The Human Right to Internet Access

Internet access has become an essential part of modern life, necessary to ensure freedom of expression, political participation, health, and other fundamental rights. It provides an invaluable space where marginalized communities initiate social change and identities are created.

Global citizens overwhelmingly agree that internet access is a fundamental human right, with a 2010 survey finding that four in five individuals worldwide share this view. Yet an estimated 3.7 billion people globally are not connected to the internet (internet access data is largely limited to developed countries). Moreover, this problem extends beyond low- and middle-income countries – more than 24 million Americans have no home access to broadband internet. 카지노사이트

Inequities in access exist both within countries, and between Global North and Global South countries. These inequities create further imbalances in knowledge and opportunity, disproportionately harming marginalized groups, including children (and especially children of color),women, rural populations, Indigenous populations, and those in the Global South. The COVID-19 pandemic has highlighted and exacerbated these widespread issues with internet unreliability or total inaccessibility. The harm caused by this digital divide clearly illuminates why internet access is essential, and so it should be considered a human right.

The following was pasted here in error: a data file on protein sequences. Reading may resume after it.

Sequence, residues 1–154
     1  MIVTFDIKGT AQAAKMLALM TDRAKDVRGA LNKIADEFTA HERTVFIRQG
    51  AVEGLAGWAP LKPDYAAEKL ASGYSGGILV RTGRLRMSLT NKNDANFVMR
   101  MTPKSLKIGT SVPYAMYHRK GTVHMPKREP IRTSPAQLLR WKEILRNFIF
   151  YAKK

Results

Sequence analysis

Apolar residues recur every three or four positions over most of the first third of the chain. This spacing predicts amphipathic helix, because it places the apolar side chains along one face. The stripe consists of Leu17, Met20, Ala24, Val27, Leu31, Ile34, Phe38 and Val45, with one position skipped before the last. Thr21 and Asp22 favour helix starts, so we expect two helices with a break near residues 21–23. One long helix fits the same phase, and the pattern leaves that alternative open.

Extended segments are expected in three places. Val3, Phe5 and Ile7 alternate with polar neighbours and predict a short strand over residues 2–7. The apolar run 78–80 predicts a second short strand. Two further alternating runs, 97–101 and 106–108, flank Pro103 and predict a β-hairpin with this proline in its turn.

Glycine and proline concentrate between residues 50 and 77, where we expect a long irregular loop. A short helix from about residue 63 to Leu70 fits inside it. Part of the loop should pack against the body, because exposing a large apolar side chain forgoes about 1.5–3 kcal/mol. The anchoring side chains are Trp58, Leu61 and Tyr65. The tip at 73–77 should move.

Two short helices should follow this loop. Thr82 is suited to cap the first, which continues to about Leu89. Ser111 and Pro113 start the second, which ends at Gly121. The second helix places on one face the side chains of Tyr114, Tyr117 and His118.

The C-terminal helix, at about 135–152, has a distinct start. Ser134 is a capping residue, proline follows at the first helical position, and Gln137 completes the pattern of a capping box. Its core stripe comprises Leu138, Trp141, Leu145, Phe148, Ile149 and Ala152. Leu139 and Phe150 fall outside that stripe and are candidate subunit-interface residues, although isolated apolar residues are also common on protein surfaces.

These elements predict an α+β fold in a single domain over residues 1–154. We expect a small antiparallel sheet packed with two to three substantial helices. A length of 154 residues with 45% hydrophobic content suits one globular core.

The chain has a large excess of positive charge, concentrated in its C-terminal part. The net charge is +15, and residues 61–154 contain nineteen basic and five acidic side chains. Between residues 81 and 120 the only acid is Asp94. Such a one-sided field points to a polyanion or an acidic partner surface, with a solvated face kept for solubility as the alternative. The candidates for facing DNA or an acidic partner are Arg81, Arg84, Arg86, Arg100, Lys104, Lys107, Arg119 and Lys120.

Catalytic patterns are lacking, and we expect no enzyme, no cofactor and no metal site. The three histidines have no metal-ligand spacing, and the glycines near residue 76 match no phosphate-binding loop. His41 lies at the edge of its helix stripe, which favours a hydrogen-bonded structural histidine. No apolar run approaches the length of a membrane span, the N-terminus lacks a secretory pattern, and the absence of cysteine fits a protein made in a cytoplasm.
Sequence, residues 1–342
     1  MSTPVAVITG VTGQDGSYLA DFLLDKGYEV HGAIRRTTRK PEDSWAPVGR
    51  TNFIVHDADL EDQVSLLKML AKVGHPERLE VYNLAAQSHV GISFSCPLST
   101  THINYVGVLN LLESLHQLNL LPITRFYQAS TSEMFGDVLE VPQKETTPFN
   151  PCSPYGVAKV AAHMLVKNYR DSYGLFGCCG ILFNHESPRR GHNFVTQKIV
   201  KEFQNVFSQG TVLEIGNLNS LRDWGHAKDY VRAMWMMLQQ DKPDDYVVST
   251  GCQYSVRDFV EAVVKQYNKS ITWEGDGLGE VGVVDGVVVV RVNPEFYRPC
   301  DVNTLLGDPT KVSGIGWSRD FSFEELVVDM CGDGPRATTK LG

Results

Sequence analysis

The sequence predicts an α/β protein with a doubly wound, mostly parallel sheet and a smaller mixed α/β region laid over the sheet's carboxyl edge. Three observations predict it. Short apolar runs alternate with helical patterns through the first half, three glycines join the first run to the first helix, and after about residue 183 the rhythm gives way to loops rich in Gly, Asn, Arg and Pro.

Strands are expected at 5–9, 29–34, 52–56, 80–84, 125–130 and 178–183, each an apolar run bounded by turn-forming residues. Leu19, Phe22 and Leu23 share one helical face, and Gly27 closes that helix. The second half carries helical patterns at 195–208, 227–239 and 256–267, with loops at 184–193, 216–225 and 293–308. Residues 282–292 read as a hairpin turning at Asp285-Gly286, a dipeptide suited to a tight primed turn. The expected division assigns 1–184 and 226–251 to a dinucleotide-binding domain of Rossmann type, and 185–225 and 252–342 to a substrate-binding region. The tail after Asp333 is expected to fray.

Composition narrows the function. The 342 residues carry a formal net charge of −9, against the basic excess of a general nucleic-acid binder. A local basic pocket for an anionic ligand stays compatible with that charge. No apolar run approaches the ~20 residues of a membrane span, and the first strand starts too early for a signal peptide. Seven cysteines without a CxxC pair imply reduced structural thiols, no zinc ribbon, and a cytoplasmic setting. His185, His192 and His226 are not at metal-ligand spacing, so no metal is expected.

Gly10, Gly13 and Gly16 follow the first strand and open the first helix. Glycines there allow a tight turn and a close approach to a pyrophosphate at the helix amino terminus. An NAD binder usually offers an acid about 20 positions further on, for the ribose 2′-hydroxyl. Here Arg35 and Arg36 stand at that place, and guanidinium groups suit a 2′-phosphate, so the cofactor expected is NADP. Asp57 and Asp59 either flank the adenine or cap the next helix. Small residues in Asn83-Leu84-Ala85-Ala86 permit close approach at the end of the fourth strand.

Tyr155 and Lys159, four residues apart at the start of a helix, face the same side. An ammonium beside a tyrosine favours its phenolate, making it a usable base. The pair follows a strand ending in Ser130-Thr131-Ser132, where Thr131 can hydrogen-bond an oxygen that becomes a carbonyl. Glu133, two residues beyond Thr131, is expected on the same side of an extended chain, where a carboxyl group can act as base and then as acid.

Finding and Establishing the Right to Internet Access Under International Law
No major international treaty codifies a right to internet access, and the general sense among scholars is that there is currently no international legal obligation for governments to take actions to secure such a right for their citizens. Nevertheless, some scholars have argued states have a duty to refrain from interfering with access, if restrictions impede enjoyment of human rights. Others argue that growing trends in international policy and soft law indicate a convergence of norms and a movement toward future recognition of internet access as a human right. This right would include governments’ obligations to provide the necessary physical infrastructure.